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May 9, 2018

The Fourth Industrial Revolution is Here!

Posted by in categories: biotech/medical, economics, education, employment, government, information science, law, mathematics, robotics/AI

So much talk about AI and robots taking our jobs. Well, guess what, it’s already happening and the rate of change will only increase. I estimate that about 5% of jobs have been automated — both blue collar manufacturing jobs, as well as, this time, low-level white collar jobs — think back office, paralegals, etc. There’s a thing called RPA, or Robot Process Automation, which is hollowing out back office jobs at an alarming rate, using rules based algorithms and expert systems. This will rapidly change with the introduction of deep learning algorithms into these “robot automation” systems, making them intelligent, capable of making intuitive decisions and therefore replacing more highly skilled and creative jobs. So if we’re on an exponential curve, and we’ve managed to automate around 5% of jobs in the past six years, say, and the doubling is every two years, that means by 2030, almost all jobs will be automated. Remember, the exponential math means 1, 2, 4, 8, 16, 32, 64, 100%, with the doubling every two years.

We are definitely going to need a basic income to prevent people (doctors, lawyers, drivers, teachers, scientists, manufacturers, craftsmen) from going homeless once their jobs are automated away. This will need to be worked out at the government level — the sooner the better, because exponentials have a habit of creeping up on people and then surprising society with the intensity and rapidity of the disruptive change they bring. I’m confident that humanity can and will rise to the challenges ahead, and it is well to remember that economics is driven by technology, not the other way around. Education, as usual, is definitely the key to meeting these challenges head on and in a fully informed way. My only concern is when governments will actually start taking this situation seriously enough to start taking bold action. There certainly is no time like the present.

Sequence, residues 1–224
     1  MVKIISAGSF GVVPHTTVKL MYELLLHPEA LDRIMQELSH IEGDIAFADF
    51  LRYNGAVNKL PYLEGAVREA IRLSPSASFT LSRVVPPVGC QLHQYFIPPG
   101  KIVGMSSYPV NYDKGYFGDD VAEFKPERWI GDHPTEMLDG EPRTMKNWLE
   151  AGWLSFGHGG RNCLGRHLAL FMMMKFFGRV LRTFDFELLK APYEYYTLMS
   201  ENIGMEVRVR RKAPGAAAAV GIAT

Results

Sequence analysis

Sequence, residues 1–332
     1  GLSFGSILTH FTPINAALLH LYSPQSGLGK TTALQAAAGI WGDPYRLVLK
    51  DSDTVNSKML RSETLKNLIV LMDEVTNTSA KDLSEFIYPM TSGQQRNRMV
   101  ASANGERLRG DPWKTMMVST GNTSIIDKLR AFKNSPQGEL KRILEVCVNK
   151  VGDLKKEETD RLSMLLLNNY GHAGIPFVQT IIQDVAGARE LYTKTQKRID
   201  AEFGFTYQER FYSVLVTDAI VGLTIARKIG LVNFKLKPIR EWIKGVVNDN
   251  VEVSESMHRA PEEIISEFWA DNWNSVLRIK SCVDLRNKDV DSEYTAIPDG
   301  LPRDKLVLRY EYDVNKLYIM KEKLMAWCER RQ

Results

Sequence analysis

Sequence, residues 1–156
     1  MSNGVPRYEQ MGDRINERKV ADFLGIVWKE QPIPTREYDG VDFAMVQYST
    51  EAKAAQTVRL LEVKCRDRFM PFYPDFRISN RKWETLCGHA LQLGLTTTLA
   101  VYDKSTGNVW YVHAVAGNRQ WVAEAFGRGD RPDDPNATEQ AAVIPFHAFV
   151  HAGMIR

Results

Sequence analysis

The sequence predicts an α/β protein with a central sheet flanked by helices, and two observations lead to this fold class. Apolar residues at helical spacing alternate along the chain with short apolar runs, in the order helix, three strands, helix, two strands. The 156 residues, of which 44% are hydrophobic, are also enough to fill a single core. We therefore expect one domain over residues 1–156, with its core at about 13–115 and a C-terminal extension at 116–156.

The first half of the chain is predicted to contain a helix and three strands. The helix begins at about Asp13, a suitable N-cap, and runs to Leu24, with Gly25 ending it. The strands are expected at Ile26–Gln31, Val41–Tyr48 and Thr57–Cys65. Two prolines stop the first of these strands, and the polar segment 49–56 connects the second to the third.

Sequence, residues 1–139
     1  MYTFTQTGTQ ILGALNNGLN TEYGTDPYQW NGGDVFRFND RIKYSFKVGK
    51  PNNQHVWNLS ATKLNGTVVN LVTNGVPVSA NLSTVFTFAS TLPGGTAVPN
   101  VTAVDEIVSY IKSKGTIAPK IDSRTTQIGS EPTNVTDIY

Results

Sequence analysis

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May 8, 2018

This ‘Star Wars’ AR game Is Making Lightsaber Duels Real

Posted by in categories: augmented reality, weapons

It wouldn’t be #MayTheFourth without some awesome Star Wars news.

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May 8, 2018

A Real Life “Hibernation Chamber” is Being Made For Deep Space Travel

Posted by in category: space travel

Manned, long-term, deep space missions are an exciting prospect, but one that remains in the realm of distant possibilities–particularly because we don’t have all the technological innovations needed to make it happen.

One major consideration is the time it takes to reach the destination. Mars, which is at the top of various space programs’ go-to destinations for manned missions, is about six months if travel time away from Earth. If we wanted to explore even further, keep in mind that New Horizons, the fastest spacecraft to leave Earth, took nine and a half years to reach Pluto.

Science fiction conveniently sidesteps this challenge by putting the space explorers into deep sleep–a state of suspended animation. But slowing the human metabolism down while ensuring that a person will stay alive for extended periods is a lot easier said than done.

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May 8, 2018

Astronomers stumble on what may be “toddler” exoplanet

Posted by in category: space

An international team of astronomers led by Leiden University has discovered what may be a “toddler” exoplanet. Orbiting a young binary star system called CS Cha about 538 light years from Earth in the constellation of Chameleon, the object may be less than two million years old and is still growing thanks to the dust disc that it inhabits.

Astronomical discoveries aren’t always eureka moments. Because telescopes are essentially gigantic cameras that spend their careers snapping pictures of the heavens, there’s always a huge library of images to be gone over years or even decades after they were taken.

Such is the case of the Leiden team who were studying CS Cha and its dust disc using the Spectro-Polarimetric High-contrast Exoplanet REsearch instrument (SPHERE) on the European Very Large Telescope in Chile. At only about two or three million years old, the T Tauri-type binary star system is very young and consists of two very small stars less than 30.6 AU (4.6 billion km, 2.8 billion miles) apart. These stars orbit a common center of gravity, and are surrounded by a disc of dust and gas about 55 AU across.